How To: Store Off-Season Clothes

Storing off-season garments is a great way to keep your closet uncluttered and your clothing protected. The guidelines in this video make it hassle-free.

Storing off-season garments is a great way to keep your closet uncluttered and your clothing protected. The guidelines in this video make it hassle-free.

What You Need

  1. Check Clothing
  2. Check canvas or muslin storage boxes
  3. Check cloth garment bag
  4. Check wooden hangers
  5. Check cedar moth repellant

Follow These Steps

  1. Start with clean clothes

    Empty the pockets of all the clothes you’ll be putting away, then launder or dry-clean everything—even if you’ve only worn it once. Invisible stains from perspiration, perfume, and clear beverages can set in if you store clothes without cleaning them first, and the resulting stains can become permanent. They can also be a food source for carpet beetles and moths, which will eat through the fabric to get to the food.

    Aha! Avoid starching clothes before putting them away: The starch not only feeds bugs, but it can weaken fabric.

  2. Group clothes by fabric

    Create two piles. In the first, put clothing made from protein fibers—silks, wool, fur, suede, and leather. In the other, store those made from plant fibers such as cotton, linen, and rayon.

    Aha! Clothes made from protein fibers are, in themselves, food for bugs. That’s why they should be kept apart from clothes made from plant fibers.

  3. Choose the right storage solution

    Place wool and protein-based clothing in canvas or muslin boxes, which allow air to circulate. Place cotton, linen, and rayon items in a separate box. Label each box so you know what’s in each one. Place hanging items in cloth garment bags, which are preferable to plastic for long-term storage because they don’t trap moisture, and are essential for leathers and furs, which may crack or break if kept in plastic.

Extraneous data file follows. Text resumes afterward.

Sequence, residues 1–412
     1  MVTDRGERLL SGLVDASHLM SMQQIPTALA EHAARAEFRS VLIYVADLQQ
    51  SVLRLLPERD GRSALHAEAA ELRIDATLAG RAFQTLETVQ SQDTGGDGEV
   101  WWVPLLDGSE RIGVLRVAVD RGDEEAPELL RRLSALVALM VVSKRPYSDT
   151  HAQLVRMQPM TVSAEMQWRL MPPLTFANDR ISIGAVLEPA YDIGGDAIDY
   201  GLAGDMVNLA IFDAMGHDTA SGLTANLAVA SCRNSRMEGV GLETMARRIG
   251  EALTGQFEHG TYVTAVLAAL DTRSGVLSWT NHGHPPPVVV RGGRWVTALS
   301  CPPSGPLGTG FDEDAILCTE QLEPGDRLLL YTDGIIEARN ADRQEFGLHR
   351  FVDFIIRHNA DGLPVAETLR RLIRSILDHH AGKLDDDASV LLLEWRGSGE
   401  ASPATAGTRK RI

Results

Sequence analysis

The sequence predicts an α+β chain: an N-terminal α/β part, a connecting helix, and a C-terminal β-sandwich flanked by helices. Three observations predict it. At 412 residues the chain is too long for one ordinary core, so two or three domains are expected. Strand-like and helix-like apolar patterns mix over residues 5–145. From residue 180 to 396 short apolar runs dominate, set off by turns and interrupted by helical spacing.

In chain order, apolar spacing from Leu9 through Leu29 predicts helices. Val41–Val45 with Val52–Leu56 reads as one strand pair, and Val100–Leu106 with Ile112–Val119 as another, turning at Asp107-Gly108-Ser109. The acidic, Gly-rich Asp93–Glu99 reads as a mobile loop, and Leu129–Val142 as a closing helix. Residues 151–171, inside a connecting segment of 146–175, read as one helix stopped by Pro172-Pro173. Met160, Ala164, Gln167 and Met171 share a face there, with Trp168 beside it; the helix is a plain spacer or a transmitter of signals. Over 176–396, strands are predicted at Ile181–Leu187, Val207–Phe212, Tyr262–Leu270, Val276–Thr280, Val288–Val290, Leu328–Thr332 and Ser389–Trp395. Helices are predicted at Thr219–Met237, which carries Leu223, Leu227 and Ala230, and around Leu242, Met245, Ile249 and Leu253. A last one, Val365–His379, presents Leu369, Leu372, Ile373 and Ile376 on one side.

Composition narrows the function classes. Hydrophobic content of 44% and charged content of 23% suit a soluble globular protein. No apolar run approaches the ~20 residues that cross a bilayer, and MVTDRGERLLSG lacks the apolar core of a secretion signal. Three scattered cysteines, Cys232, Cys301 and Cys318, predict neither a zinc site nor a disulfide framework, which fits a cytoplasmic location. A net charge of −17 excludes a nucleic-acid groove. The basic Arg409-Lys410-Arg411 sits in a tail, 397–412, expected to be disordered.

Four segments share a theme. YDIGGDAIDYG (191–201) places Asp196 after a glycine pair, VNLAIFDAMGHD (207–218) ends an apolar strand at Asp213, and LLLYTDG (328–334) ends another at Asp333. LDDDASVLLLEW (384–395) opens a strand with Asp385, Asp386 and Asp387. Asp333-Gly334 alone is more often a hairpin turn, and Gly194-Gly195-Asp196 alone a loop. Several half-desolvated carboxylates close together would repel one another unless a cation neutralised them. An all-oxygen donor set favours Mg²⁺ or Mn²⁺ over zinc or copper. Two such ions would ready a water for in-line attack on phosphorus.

Tip: Don’t store dry-cleaned clothes in the plastic bags in which they came—they hold in moisture that may cause mildew. If you don’t have cloth bags, hang sheets over garments.

  4. Invest in moth repellent

    The scent of moth repellant discourages moths from laying eggs and helps keep them away. Cedar, which comes in the form of hangers, boxes, blocks, and drawer liners, is best. Place a cedar block or sachet in each box you plan to store, and if you’re not using cedar hangers, place a block or a sachet in garment bags, too.

    Tip: Sand cedar with fine-grade sandpaper after each season, because the moth-repellant scent disappears as the surface oxidizes.

  5. Store clothes in a cool, dry place

    Fabric is negatively affected by extremes in temperature and humidity, so garages, attics, and unfinished basements are off-limits. If you have space in a closet or chest of drawers—or if you have a spare room where you can keep a rolling rack—that’s ideal.